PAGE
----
We have been told regularly by the BBC that Mosul has been recaptured from ISIL. They did that story again over the week-end.
Like most people I condemn ISIL for the tyranny it exerts on communities it infiltrates or conquers, for its brutality and its treatment of subject peoples. If they are now defeated in Mosul that could be a precondition for something better. Mosul rests at the northern top of Iraq, near the head of the Tigris valley to the south with its richer agricultural lands. The issues now are what price victory, and what political settlement will follow?
The pictures from near the front line show that most buildings are either damaged or demolished by the heavy firepower used to kill or clear ISIL fighters from the city. The economic work of the city has been destroyed for the time being, and many people have fled the violence and the lack of basic services needed for a normal life. Restoration will require immediate recovery to put in an electricity and water supply and start to recreate functioning shops, food supply and the other urgent needs. It will take time to tempt people back and help them rebuild.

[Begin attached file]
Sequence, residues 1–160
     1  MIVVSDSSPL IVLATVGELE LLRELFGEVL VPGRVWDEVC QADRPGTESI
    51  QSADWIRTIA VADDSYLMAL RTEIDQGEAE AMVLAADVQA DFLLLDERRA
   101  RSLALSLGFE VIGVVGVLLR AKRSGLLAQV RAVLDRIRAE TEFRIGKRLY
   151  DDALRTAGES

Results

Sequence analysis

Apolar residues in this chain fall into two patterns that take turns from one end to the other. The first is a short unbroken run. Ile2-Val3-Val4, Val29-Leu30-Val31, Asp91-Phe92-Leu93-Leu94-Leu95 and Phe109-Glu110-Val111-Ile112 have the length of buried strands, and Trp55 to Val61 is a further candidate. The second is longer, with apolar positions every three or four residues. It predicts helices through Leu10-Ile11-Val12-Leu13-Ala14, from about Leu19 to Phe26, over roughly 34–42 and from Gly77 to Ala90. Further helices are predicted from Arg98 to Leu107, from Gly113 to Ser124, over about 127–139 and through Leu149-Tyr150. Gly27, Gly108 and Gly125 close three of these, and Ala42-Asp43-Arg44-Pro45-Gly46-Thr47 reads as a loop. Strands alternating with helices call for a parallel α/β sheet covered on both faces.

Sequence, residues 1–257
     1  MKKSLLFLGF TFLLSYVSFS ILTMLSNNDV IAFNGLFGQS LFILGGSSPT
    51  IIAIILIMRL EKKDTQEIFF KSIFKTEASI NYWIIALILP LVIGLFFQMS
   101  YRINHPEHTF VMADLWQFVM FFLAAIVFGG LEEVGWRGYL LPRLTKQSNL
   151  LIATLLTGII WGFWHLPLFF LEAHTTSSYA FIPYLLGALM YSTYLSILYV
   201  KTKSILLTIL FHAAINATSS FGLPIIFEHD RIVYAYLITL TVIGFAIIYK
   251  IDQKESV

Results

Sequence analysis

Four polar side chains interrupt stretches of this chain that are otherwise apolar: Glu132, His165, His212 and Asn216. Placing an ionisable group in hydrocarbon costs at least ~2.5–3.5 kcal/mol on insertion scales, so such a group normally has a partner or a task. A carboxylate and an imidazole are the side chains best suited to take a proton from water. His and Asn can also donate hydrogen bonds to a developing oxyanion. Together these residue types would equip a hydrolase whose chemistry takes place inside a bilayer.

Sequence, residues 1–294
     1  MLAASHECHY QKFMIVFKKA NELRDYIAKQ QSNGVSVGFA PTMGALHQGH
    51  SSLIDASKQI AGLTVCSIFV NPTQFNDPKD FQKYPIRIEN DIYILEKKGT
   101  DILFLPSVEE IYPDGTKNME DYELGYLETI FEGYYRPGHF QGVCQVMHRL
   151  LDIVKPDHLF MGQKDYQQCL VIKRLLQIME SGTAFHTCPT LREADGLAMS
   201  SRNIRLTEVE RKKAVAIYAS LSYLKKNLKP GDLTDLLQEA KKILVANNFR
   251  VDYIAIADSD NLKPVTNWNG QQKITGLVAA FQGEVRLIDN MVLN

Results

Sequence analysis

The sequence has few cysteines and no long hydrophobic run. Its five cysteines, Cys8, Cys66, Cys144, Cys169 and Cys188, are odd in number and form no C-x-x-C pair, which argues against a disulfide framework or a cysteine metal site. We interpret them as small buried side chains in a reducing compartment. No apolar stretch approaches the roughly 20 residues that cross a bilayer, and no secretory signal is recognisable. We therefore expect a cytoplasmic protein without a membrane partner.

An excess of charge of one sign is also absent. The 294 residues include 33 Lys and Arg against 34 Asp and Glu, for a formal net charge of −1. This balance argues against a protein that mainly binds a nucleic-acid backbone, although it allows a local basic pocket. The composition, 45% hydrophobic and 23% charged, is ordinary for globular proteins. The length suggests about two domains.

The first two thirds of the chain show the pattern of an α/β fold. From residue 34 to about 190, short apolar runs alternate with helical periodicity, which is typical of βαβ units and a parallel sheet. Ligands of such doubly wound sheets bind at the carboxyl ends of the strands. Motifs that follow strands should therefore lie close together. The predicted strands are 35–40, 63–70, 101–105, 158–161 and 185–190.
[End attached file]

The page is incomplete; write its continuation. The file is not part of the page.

Assuming the government of Iraq has both the capacity and the will power to initiate this work there can be some recovery. The central question is how can they ensure in future that ISIL or similar terrorist and extremists groups do not start up all over again? Can they settle a population back in Mosul and find a way of governing which gains sufficient consent to work? The Iraqi civil war has proved to be deep seated, with irreconcilable communities feeling the central government does not speak for them. It has proved to be a polity that allows or nurtures extremism in places where the central government loses control. How that government now behaves as it surveys the rubble of its military victory will determine whether something better can emerge from the bitter fighting.